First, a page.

Torrents of Spring, by Ivan Turgenev

XXVIII

Sanin walked along, at one time by Gemma’s side, at another time a little behind her. He never took his eyes off her and never ceased smiling. She seemed to hasten . . . seemed to linger. As a matter of fact, they both — he all pale, and she all flushed with emotion — were moving along as in a dream. What they had done together a few instants before — that surrender of each soul to another soul — was so intense, so new, and so moving; so suddenly everything in their lives had been changed and displaced that they could not recover themselves, and were only aware of a whirlwind carrying them along, like the whirlwind on that night, which had almost flung them into each other’s arms. Sanin walked along, and felt that he even looked at Gemma with other eyes; he instantly noted some peculiarities in her walk, in her movements — and heavens! how infinitely sweet and precious they were to him! And she felt that that was how he was looking at her.

Sanin and she were in love for the first time; all the miracles of first love were working in them. First love is like a revolution; the uniformly regular routine of ordered life is broken down and shattered in one instant; youth mounts the barricade, waves high its bright flag, and whatever awaits it in the future — death or a new life — all alike it goes to meet with ecstatic welcome.

‘What’s this? Isn’t that our old friend?’ said Sanin, pointing to a muffled-up figure, which hurriedly slipped a little aside as though trying to remain unobserved. In the midst of his abundant happiness he felt a need to talk to Gemma, not of love — that was a settled thing and holy — but of something else.

‘Yes, it’s Pantaleone,’ Gemma answered gaily and happily. ‘Most likely he has been following me ever since I left home; all day yesterday he kept watching every movement I made . . . He guesses!’

‘He guesses!’ Sanin repeated in ecstasy. What could Gemma have said at which he would not have been in ecstasy?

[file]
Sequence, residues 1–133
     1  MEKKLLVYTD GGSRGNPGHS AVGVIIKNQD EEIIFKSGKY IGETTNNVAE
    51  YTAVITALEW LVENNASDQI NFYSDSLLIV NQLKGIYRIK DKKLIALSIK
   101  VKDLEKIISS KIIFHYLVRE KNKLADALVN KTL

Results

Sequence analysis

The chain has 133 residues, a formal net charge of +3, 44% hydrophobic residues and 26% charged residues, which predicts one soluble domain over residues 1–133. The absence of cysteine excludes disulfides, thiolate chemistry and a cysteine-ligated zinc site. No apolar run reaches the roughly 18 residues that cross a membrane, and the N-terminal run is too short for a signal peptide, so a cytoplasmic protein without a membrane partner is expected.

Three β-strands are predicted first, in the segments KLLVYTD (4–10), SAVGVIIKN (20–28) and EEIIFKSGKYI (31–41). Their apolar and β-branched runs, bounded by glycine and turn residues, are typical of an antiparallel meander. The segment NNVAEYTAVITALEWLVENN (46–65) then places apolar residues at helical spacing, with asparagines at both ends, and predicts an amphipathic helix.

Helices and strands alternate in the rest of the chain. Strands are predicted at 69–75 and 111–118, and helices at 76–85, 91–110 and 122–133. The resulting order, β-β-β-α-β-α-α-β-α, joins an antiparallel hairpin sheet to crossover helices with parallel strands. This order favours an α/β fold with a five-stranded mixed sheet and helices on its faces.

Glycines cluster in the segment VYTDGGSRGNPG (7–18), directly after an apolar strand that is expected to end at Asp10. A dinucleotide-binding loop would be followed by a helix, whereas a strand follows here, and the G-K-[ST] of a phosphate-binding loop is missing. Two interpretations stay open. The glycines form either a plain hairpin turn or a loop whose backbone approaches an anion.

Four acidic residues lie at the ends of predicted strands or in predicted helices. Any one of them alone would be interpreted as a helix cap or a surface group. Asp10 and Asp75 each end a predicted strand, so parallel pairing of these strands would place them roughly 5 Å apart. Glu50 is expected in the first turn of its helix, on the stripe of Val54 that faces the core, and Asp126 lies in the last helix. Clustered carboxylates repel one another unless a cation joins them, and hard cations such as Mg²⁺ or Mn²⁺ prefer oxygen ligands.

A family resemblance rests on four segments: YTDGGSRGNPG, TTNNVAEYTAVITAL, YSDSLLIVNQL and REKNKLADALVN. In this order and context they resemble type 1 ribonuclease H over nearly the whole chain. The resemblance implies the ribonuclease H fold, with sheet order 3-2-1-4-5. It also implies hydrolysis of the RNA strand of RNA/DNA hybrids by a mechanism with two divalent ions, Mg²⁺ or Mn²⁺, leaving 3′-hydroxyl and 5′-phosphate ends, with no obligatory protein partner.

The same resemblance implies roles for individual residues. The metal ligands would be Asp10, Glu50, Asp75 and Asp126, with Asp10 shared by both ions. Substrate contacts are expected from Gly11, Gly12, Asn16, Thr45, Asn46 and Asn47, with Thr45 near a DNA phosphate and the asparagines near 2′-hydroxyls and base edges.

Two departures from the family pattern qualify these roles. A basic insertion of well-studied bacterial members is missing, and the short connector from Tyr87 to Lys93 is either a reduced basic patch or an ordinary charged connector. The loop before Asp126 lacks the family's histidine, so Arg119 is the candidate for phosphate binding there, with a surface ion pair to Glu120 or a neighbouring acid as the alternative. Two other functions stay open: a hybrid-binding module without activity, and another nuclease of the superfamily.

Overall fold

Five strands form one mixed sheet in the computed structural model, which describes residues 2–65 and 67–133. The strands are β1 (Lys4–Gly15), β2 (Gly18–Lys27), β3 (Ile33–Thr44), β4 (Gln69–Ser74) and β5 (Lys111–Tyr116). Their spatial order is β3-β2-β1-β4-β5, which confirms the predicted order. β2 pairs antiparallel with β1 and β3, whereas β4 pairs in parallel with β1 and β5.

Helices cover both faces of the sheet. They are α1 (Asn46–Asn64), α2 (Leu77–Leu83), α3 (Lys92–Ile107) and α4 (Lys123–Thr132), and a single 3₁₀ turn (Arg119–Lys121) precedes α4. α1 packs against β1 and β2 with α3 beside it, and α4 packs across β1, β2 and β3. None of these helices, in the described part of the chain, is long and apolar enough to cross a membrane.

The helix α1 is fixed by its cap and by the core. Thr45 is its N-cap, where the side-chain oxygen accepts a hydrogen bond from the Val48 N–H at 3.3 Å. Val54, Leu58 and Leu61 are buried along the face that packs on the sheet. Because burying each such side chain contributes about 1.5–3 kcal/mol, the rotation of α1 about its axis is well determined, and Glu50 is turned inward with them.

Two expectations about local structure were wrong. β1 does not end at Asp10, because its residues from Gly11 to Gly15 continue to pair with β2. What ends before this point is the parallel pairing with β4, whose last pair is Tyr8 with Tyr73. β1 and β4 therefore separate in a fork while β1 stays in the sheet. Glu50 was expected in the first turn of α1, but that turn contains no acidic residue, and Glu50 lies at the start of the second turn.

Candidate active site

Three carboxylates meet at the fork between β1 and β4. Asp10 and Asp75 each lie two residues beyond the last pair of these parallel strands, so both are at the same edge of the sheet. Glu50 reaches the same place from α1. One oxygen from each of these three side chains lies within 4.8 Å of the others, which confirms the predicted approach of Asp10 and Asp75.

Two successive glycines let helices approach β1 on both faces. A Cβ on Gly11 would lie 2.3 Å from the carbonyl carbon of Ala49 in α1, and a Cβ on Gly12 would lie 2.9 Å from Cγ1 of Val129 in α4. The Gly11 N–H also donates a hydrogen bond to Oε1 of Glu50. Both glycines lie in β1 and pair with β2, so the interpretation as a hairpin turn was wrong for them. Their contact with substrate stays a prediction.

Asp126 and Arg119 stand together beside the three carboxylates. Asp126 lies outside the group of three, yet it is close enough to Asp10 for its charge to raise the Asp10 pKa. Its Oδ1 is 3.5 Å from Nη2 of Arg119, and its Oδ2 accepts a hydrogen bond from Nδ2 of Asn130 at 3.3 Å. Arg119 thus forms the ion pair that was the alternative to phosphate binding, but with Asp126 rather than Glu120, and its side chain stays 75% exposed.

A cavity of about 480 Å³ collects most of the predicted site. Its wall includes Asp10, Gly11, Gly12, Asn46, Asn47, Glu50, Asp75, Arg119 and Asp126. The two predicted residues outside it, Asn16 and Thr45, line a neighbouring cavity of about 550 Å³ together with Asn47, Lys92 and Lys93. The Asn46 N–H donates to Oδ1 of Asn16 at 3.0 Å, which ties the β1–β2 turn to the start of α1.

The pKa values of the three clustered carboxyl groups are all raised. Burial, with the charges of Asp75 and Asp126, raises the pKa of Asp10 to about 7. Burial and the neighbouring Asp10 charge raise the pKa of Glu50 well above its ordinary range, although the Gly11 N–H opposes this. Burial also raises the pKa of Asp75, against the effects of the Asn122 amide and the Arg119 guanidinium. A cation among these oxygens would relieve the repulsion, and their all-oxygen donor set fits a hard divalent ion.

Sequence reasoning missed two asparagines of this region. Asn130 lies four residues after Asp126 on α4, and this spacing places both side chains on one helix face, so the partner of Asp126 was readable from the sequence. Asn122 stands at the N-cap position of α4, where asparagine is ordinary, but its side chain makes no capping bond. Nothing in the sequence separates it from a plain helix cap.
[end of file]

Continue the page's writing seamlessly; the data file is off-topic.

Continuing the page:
Then he asked her to tell him in detail all that had passed the day before.

And she began at once telling him, with haste, and confusion, and smiles, and brief sighs, and brief bright looks exchanged with Sanin. She said that after their conversation the day before yesterday, mamma had kept trying to get out of her something positive; but that she had put off Frau Lenore with a promise to tell her her decision within twenty-four hours; how she had demanded this limit of time for herself, and how difficult it had been to get it; how utterly unexpectedly Herr Klüber had made his appearance more starched and affected than ever; how he had given vent to his indignation at the childish, unpardonable action of the Russian stranger —‘he meant your duel, Dimitri,’— which he described as deeply insulting to him, Klüber, and how he had demanded that ‘you should be at once refused admittance to the house, Dimitri.’ ‘For,’ he had added — and here Gemma slightly mimicked his voice and manner —’“it casts a slur on my honour; as though I were not able to defend my betrothed, had I thought it necessary or advisable! All Frankfort will know by tomorrow that an outsider has fought a duel with an officer on account of my betrothed — did any one ever hear of such a thing! It tarnishes my honour!” Mamma agreed with him — fancy! — but then I suddenly told him that he was troubling himself unnecessarily about his honour and his character, and was unnecessarily annoyed at the gossip about his betrothed, for I was no longer betrothed to him and would never be his wife! I must own, I had meant to talk to you first . . . before breaking with him finally; but he came . . . and I could not restrain myself. Mamma positively screamed with horror, but I went into the next room and got his ring — you didn’t notice, I took it off two days ago — and gave it to him. He was fearfully offended, but as he is fearfully self-conscious and conceited, he did not say much, and went away. Of course I had to go through a great deal with mamma, and it made me very wretched to see how distressed she was, and I thought I had been a little hasty; but you see I had your note, and even apart from it I knew . . . ’